Cold-induced changes in thyroid function in a poikilothermic mammal, the naked mole-rat

Rochelle Buffenstein, Ryan Woodley, Cleopatra Thomadakis, T. Joseph M. Daly, David A. Gray

Research output: Contribution to journalArticlepeer-review

39 Scopus citations


Cold acclimation induces very divergent responses in thyroid function in reptiles and mammals reflective of their different thermoregulatory modes. Naked mole-rats, unlike other small mammals, are unable to effectively employ endothermy and are operatively poikilotherms. We therefore investigated changes in their thyroid status with chronic cold exposure. Under simulated burrow conditions, free thyroxine (T4; 0.39 ± 0.09 ng/dl) and thyroid stimulating hormone (TSH; 1.12 ± 0.56 μIU/ml) levels fell within the reptilian range, one order of magnitude lower than mammalian levels. However, cold induced typical mammalian responses: free T4 levels (0.55 ± 0.09 ng/dl) and thyroid follicular cell height were significantly greater. Although TSH levels (1.28 ± 0.83 μIU/ml) were not significantly elevated, thyrotrophs exhibited ultrastructural signs of increased secretory activity. Low thyroid hormone concentrations may contribute substantially to the unusual thermoregulatory mode exhibited by naked mole-rats.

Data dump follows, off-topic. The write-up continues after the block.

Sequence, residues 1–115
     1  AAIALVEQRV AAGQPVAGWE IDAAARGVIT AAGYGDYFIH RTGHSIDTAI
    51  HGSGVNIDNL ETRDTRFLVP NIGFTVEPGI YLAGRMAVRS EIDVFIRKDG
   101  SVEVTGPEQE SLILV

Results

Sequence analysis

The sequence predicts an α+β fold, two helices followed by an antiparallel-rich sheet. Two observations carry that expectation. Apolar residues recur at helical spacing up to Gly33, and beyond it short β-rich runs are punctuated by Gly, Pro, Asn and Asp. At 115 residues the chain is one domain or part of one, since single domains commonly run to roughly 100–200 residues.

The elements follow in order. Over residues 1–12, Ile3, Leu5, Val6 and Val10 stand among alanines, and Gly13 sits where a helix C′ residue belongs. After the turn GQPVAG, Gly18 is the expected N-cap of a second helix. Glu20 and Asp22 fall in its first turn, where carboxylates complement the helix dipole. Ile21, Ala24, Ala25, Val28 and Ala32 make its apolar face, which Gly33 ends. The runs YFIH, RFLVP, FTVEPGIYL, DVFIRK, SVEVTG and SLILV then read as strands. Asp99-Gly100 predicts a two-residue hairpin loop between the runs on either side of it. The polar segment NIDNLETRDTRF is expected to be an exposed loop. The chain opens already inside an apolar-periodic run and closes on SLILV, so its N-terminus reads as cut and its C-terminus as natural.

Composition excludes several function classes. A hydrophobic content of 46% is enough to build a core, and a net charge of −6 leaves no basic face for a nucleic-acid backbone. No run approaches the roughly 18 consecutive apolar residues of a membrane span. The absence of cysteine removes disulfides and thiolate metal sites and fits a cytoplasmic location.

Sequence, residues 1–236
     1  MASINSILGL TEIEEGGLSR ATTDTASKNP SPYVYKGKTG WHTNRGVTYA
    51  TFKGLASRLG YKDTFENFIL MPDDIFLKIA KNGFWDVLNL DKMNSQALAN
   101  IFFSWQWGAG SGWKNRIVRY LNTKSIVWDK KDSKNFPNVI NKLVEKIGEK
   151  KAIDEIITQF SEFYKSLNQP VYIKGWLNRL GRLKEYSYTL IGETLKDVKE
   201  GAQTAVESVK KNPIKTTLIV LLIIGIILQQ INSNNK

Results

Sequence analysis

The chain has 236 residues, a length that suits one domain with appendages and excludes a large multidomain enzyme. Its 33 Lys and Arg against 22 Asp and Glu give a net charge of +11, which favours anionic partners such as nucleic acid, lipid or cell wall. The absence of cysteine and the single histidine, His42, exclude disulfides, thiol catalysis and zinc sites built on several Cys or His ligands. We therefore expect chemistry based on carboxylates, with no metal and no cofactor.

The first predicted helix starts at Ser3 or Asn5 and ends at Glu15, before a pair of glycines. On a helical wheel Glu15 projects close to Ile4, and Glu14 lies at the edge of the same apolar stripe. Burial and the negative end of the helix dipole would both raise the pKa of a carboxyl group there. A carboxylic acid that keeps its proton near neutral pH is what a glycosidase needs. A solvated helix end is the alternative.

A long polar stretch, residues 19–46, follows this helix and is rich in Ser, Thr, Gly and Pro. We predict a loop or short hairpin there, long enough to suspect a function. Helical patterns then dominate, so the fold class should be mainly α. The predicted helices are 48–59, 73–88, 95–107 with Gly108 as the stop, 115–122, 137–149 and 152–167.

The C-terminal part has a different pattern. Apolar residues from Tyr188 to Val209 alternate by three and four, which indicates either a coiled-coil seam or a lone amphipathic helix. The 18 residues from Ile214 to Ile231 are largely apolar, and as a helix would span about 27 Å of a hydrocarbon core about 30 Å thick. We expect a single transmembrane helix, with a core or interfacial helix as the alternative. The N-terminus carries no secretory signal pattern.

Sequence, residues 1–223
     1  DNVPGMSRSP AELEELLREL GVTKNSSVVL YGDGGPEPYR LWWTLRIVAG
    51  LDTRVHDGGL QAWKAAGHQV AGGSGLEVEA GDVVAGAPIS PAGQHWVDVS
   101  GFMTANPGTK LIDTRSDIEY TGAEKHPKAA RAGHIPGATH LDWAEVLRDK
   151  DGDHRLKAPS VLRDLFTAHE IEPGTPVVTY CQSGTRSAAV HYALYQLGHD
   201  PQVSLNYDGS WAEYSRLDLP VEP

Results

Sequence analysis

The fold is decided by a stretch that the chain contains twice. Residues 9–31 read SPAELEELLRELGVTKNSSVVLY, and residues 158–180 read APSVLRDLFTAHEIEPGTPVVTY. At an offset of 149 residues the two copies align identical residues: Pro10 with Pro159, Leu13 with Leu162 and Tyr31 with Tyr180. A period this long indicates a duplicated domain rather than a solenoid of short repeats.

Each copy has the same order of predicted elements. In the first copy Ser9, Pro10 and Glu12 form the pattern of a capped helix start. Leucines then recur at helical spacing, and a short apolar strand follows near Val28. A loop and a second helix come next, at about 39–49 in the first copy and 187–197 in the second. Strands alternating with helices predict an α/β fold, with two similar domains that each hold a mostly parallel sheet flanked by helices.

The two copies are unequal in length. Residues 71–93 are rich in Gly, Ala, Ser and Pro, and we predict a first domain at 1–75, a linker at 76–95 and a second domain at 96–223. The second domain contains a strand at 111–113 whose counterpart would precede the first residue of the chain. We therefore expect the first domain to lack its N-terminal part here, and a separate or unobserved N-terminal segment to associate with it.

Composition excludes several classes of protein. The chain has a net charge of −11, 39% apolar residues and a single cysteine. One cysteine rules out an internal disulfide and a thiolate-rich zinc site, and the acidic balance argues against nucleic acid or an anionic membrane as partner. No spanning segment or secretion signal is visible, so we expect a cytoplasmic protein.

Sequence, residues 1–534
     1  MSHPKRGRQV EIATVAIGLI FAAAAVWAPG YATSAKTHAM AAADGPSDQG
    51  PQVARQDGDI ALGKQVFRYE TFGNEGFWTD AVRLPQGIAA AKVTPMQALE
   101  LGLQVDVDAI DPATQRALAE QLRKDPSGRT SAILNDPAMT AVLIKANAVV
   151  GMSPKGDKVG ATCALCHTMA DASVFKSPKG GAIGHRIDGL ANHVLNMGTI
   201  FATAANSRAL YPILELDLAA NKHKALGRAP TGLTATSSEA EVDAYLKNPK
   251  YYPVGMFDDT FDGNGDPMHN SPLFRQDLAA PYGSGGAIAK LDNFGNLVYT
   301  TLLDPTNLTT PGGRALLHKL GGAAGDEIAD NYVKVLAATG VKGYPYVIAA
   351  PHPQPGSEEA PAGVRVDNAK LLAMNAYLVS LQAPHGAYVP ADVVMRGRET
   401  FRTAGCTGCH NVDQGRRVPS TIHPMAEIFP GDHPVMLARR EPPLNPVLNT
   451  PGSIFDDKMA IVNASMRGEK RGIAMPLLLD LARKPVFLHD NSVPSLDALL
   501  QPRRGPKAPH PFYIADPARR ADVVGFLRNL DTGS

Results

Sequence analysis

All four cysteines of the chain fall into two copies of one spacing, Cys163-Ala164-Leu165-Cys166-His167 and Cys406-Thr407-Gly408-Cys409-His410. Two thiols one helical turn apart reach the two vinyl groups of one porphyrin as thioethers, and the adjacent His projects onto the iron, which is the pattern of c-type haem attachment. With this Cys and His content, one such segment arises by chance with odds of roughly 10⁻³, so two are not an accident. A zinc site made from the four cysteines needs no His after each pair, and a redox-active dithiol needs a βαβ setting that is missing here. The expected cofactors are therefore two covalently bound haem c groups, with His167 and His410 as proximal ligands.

Original languageEnglish (US)
Pages (from-to)R149-R155
JournalAmerican Journal of Physiology - Regulatory Integrative and Comparative Physiology
Issue number1 49-1
StatePublished - Jan 2001
Externally publishedYes


  • Follicular cell height
  • Thyroid-stimulating hormone
  • Thyrotrophs
  • Thyroxine

ASJC Scopus subject areas

  • Physiology
  • Physiology (medical)


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